An open letter: to the male ‘Karen’ who couldn’t stand my van on your pristine street

In a city where homelessness has reached epidemic levels, your idea of a solution is to ensure you can’t see it.

Amelia Rayno
4 min readNov 18, 2021


Me, outside the cargo van that is my home.

Hello sir who informed me yesterday I was not welcome in the neighborhood where you pay a lot to live.

This may come as a surprise to you, but I do not want to live in your neighborhood.

I do not even want to BE in your neighborhood, as I was nervous from the time of parking that I might be subjected to the judgement that you so quickly and thoughtlessly levied on me on me yesterday. I am not trying to move in, as you suggested. In fact, I want nothing to do with a “community” that would act as anything but.

I could tell you about my story, and of the scary situation I was fleeing when my van broke down — very unfortunately, on the street adjacent to yours — but I doubt you’d care.

You did not see me as an individual when you approached me asking why I was in your expensive sight line; you didn’t care that I probably didn’t have anywhere else to go — and couldn’t leave — or that I was just trying to make it through a very difficult time. You simply asked me to be somewhere where you wouldn’t have to think about seeing me.

Apart from the personal hurt, this feeling of “otherness” you forced onto my day, my greatest worry is that you saw me not as human, but as part of a trend —the explosion of homelessness in Oakland and far beyond that I imagine troubles you greatly. My deepest concern is that if you cannot accept me — a clean, sober, white woman with mechanical problems — that you will be far angrier toward what is coming, and what will be far more traumatized and messier.

Because let me be clear: if things remain as they are, what is coming is a flood. It is something that is fueled by the unrestrained housing market that you have likely not protested. It is flamed by the unrestrained city and federal policies that you have likely not rebuked. And it will not stop at the gates of your fancy neighborhood.

People who work hard and long cannot afford to live in this country of great wealth, and I’m disheartened that all you can see is the fallout.

Would you approach a city council member the way you did me? If you want to stop people from parking and living in your fancy neighborhood, I would start there.

Demand affordable housing that is tied to the tiers of wages in this country. Insist that people in the unhoused community be commissioned to take autonomy in their own fate, in a way that will function long term — rather than support billions of dollars on senseless projects that we all see go nowhere.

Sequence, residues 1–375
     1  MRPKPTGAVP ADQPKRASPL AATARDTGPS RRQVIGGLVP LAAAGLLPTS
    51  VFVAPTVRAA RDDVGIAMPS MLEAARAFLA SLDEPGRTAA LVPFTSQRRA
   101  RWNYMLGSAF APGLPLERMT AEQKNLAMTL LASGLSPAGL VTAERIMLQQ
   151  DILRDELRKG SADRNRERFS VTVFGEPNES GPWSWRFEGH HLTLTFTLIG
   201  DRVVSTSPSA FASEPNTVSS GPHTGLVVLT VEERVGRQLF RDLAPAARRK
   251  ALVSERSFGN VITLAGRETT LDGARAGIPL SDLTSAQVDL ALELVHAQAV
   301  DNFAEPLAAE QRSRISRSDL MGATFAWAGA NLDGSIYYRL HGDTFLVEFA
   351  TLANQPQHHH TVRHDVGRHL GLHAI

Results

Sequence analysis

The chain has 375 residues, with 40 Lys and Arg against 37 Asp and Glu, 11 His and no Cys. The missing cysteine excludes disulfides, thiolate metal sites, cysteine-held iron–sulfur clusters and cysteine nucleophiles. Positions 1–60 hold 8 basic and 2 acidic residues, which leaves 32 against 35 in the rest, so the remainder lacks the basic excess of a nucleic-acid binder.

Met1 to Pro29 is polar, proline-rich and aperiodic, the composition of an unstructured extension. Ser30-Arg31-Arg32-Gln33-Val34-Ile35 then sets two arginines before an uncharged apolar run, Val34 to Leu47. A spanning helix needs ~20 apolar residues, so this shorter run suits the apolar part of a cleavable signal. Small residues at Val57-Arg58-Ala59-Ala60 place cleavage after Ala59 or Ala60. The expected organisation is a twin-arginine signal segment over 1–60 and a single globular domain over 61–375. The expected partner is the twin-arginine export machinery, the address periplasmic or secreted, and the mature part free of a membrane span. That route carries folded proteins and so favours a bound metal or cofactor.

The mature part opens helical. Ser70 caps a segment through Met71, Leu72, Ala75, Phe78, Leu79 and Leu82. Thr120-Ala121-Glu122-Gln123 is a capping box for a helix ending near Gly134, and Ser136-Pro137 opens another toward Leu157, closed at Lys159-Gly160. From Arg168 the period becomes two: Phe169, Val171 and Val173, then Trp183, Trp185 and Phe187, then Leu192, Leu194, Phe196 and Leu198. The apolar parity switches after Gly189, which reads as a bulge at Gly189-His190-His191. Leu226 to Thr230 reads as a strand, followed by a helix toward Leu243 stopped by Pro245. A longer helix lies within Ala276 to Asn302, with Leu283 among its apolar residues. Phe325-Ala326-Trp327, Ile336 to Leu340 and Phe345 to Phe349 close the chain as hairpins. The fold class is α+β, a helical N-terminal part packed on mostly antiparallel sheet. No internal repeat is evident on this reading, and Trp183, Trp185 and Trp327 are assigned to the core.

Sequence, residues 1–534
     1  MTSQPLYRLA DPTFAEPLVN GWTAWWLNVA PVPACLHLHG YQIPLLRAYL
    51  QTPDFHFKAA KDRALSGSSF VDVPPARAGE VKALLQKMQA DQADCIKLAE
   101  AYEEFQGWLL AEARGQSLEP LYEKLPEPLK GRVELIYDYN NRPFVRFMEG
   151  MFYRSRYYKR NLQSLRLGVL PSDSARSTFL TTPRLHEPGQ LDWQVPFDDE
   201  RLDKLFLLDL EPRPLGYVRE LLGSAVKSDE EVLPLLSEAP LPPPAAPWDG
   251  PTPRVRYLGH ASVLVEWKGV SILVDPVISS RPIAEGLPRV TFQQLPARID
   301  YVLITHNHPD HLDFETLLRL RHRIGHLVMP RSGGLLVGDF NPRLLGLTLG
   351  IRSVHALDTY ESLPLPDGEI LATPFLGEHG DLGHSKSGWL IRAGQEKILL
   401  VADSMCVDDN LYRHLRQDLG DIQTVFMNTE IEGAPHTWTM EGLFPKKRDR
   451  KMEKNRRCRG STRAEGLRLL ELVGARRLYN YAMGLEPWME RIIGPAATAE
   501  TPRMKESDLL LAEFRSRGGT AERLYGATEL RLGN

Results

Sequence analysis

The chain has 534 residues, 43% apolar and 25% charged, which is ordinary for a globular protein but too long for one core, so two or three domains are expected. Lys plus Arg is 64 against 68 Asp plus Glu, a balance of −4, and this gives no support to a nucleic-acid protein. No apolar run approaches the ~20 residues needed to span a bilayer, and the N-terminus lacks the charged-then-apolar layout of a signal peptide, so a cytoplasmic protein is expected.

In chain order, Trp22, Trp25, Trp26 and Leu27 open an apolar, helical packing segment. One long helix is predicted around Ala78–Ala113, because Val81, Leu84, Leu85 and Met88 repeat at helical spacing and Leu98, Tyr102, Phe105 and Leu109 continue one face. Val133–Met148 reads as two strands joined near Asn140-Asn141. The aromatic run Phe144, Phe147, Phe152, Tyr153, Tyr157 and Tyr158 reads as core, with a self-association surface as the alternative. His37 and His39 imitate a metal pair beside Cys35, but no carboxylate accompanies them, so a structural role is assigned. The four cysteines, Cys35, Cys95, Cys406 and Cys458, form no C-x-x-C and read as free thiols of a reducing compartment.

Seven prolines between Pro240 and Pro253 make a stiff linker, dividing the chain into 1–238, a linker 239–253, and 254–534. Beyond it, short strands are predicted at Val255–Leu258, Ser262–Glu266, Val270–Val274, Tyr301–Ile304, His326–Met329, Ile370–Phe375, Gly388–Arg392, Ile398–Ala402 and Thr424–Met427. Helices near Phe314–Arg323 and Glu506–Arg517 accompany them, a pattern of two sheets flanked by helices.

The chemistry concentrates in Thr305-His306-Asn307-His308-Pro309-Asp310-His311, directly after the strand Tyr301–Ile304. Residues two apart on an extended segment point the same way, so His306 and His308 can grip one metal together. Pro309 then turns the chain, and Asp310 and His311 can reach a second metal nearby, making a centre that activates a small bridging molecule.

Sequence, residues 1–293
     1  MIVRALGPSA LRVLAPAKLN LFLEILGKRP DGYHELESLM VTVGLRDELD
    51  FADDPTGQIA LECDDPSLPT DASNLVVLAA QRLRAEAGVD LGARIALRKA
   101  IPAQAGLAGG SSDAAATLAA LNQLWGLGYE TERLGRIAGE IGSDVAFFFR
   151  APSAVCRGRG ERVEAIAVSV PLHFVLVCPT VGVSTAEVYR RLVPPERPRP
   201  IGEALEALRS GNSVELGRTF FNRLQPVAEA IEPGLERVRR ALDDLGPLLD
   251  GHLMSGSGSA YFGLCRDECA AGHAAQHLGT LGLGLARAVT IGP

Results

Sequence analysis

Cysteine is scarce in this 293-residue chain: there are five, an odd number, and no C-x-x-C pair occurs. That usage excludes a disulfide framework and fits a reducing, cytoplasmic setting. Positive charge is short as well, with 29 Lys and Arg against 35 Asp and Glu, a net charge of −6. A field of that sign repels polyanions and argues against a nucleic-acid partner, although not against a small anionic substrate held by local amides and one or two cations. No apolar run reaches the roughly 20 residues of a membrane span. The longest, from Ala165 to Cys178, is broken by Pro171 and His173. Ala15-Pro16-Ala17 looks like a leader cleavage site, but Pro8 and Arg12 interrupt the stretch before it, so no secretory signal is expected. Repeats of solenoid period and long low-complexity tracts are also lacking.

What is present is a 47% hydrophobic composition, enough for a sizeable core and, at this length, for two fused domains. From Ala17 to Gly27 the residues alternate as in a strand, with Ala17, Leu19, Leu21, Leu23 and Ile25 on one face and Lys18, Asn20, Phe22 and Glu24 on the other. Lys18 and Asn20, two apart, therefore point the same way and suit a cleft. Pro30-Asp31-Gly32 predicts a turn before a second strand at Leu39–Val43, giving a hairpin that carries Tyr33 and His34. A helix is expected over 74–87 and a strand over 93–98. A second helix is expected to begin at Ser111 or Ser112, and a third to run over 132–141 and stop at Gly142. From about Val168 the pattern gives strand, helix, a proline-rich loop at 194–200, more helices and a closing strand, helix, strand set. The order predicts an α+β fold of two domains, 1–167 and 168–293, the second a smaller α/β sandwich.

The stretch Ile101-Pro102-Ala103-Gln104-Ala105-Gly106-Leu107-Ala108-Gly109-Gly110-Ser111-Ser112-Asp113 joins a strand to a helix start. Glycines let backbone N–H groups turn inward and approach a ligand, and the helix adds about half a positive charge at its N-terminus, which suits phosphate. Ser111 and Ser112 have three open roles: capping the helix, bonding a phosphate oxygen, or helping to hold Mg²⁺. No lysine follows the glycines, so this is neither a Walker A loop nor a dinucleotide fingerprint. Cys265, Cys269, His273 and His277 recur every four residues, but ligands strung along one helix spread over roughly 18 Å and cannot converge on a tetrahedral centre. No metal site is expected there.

Sweeps and other anti-homeless laws do not solve anything, but rather add to individuals’ immense trauma and the challenging logistics necessary to survive while simply pushing the problem around; since nothing has changed, people simply set up somewhere else, often a few blocks away, and prepare for the cycle to repeat.

Actual progress and change requires working with unhoused individuals to improve their lives, solve core problems together, and envision a future that is better for everyone. This is what it means to actually seek solutions rather than ostracizing folks whose roles society has valued less. You might even find that these humans you judge so harshly have things to teach you — about resilience and acceptance and empathy and perseverance; about, for example, how community is actually supposed to work.

But if you’re not interested in doing this work, and are unwilling to educate yourself, I sincerely hope you instead learn to shut the fuck up and accept what you’ve helped manifest. You’ve got more room to hide from reality than most.

As for me, I was able to roll my broken-down van away from your manicured corner, and out of that space in your mind.

I will not be in Oakland for much longer, sir. I am incredibly privileged to have my health, my sound mind, resources, friends and a network of good humans ready to assist. It doesn’t take nine rooms and a yard for me to see that I am very lucky indeed. But at this moment, I am temporarily stuck. I am briefly flummoxed. And I am in pain.

So until then, I’ll be set up a few blocks away.





Amelia Rayno

Independent, nomadic journalist. Currently living in Buenos Aires. I write about homelessness/housing and U.S. foreign policy. IG: @ameliarayno.